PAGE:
GETTING READY—Jerad Gleckler pounds nails to secure a string of holiday lights on the side of the Wakefield Park concession stand while other members of the Volunteer Club and others hold them in place. The volunteers showed up Sunday afternoon to string lights at the park. The decorating project will continue this Sunday. Denise Walsh is in charge of the effort this year.
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Taylor Family: 100 Reunions

Written by David Green.


Family reunions are serious business to members of the Rush Taylor family. They’ve gotten together for 100 years now, without fail.

Every reunion is a good one, said family member Mildred Uhler of Munson, but the recent centennial edition was a special one. Several people went to a lot of extra work and expense to make this one out of the ordinary.taylor.reunion.sign

The first Taylor family reunion, on Aug. 30, 1906, was attended by 25 people at the Ezra and Hannah Taylor homestead near West Unity, Ohio. Their children were Sylvester, Marion, Charles, John and Florence. Marion was the father of O.A. Rush, Marjorie and Russell. Next comes Mildred’s connection. She’s the oldest daughter of Rush.

Mildred knows she missed a few reunions. She was with her husband while he was in the service for a while and she was busy giving birth when one of the gatherings was going on.

“Most of the time I was there,” she said. “I can remember my folks taking me.”

There have been some changes over the years, a few differences that probably reflect changes in society.

“We always had the kids say their Sunday School poems and we had musical instruments and songs,” Mildred recalls. “The older people love to see the young ones show themselves off.”

There were also games of horseshoes, baseball and other activities.

“We always had a good time whenever we got together,” she said. “And do you know how much we all got along together?”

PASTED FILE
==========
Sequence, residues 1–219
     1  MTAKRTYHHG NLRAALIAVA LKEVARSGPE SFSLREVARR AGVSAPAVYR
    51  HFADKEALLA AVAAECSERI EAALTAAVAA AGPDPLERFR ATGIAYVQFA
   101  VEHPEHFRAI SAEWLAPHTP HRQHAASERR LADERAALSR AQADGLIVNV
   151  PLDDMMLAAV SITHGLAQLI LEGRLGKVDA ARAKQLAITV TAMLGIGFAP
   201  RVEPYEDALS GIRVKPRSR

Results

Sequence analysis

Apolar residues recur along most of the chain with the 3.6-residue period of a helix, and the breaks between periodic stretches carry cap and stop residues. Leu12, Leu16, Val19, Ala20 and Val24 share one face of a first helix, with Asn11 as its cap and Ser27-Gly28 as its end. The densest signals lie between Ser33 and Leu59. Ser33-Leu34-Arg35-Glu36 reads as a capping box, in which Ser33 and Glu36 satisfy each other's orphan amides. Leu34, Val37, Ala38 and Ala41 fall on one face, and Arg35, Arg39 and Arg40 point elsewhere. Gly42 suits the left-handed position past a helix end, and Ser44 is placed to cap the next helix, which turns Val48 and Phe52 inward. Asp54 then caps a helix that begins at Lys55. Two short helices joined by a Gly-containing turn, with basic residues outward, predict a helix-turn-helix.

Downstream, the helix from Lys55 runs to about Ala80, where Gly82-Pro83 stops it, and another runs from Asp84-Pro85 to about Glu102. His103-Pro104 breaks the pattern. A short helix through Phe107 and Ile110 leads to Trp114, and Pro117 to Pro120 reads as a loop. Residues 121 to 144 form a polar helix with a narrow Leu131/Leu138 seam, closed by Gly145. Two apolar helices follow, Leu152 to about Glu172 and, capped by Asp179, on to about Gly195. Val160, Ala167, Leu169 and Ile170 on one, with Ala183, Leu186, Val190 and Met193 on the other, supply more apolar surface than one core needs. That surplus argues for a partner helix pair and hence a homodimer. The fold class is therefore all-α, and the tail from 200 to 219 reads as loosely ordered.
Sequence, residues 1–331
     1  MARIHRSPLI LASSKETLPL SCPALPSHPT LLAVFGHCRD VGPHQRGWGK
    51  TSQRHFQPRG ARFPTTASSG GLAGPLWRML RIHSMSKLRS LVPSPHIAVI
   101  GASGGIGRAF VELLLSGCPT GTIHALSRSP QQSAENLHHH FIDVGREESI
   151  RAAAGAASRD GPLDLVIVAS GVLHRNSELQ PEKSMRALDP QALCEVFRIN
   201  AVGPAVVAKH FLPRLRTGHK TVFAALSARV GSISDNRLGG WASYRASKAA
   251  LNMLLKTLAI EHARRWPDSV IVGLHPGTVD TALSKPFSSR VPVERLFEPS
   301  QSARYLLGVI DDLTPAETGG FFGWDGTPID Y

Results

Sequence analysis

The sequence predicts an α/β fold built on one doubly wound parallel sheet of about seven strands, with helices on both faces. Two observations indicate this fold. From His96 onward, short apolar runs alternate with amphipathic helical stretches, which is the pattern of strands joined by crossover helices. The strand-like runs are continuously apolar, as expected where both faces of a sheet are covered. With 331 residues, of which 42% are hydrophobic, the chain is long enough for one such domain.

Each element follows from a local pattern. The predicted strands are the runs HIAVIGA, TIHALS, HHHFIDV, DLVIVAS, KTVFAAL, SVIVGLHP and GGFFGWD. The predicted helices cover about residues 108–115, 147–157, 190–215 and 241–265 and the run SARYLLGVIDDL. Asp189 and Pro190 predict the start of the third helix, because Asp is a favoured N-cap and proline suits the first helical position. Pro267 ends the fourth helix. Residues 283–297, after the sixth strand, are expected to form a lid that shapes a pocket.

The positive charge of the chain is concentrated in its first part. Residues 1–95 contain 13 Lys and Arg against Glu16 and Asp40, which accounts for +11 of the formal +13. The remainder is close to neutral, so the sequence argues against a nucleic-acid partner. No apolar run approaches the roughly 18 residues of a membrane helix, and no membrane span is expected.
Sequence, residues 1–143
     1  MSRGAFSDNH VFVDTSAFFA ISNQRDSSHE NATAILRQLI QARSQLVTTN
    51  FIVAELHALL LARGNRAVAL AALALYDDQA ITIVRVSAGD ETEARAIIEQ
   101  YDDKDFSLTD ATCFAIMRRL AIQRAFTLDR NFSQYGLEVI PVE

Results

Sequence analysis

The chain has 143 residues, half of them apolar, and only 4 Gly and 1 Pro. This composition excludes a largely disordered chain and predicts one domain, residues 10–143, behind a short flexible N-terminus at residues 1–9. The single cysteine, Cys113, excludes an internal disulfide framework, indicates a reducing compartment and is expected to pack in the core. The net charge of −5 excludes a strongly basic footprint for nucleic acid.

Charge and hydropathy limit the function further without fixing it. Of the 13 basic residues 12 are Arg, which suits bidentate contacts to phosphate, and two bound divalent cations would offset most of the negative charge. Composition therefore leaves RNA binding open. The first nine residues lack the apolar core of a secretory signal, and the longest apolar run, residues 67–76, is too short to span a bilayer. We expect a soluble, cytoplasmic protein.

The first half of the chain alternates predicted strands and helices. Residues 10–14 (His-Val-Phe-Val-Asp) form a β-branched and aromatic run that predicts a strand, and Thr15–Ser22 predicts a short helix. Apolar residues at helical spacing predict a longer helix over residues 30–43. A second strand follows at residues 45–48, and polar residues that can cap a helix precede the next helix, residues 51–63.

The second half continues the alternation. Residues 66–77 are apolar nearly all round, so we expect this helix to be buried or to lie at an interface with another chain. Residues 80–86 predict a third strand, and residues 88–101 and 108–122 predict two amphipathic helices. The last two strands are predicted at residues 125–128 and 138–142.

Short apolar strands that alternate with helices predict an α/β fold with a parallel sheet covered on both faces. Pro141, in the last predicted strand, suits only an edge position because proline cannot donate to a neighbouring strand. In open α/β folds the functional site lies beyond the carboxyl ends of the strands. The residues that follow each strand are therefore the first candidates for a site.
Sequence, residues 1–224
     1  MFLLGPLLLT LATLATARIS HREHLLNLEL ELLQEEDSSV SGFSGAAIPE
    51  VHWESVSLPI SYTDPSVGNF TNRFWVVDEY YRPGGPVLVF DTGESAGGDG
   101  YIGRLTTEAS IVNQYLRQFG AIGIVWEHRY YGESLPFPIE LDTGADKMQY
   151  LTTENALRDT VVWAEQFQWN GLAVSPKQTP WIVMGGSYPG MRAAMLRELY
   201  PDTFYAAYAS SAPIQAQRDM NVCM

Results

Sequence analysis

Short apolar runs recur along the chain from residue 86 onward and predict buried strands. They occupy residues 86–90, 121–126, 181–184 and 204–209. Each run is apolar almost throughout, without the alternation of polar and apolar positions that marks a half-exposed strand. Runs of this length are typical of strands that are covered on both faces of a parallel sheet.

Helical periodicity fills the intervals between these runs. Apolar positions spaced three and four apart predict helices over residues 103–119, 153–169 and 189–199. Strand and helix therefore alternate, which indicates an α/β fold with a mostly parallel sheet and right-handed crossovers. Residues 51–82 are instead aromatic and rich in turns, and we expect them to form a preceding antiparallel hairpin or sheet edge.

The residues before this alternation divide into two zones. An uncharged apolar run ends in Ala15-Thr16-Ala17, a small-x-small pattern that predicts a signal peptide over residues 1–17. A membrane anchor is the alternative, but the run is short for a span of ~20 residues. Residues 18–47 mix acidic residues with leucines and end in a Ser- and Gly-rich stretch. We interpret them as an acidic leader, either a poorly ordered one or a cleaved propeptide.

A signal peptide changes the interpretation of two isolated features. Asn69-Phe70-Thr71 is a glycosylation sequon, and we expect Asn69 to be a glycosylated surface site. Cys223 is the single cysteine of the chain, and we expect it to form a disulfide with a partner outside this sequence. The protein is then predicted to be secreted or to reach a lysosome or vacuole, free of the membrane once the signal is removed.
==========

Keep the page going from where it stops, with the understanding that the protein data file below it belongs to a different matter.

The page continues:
This year’s celebration was no different. Family members represented 14 states, from as far away as California and Arizona.

To begin the weekend, 75 family members met at the Ramada Inn near Bryan, Ohio, for a Friday night dinner. The next morning, 50 people attended a brunch at the home of Bruce and Leah Rutledge in Waldron. Next came a visit to the Todd and Rita Rutledge home outside of Waldron for an afternoon of swimming and games.

That night, the cousins got together at the Rush and Rhea Taylor home where Joey and Janet Taylor now live with their daughter, Lauren. The brothers and sisters met for dinner at a Wauseon restaurant—an event organized by Dee and Loree Clark. Several people attended Sunday morning services at the former family church in Munson.

It was finally time for the big event—the anniversary potluck at the Taylor homestead near West Unity, attended by 140 guests. Family member Doris Grim now lives in the house after other members pitched in to fix it up. Tours of the home were given and hayrides through the countryside were taken, including a trip through the covered bridge at Lockport.

A family tree was painted on the inside of a barn at the homestead and each family filled in its information. A ladder was needed to reach parts of branches.

In addition to the big meal, there was also home-made ice cream.

“It was a tradition that we always had home-made ice cream in tin cups,” Mildren said.

One year, the original cups were decorated and distributed as keepsakes.

A lot of planning went into this year’s festivities—a job handled by five sisters: Mildred and Loree from Munson, Ruth from Florida, Carol Jean from Mississippi and Leah from Waldron.

“We get together once a year to plan it,” Mildred said.

That might lead to a trip to Mississippi or a golf outing at De-Mor Hills near Morenci.

“Every place we’ve been we’ve had fun.”

Although former family secretary O.A. Taylor is gone—her tombstone notes her 65 years of service—others have taken her place and the annual event continues. Mildred expects future gatherings to be just as genial as those in the past.

“We’ve always had such a good time whenever we got together.”

– August 2, 2006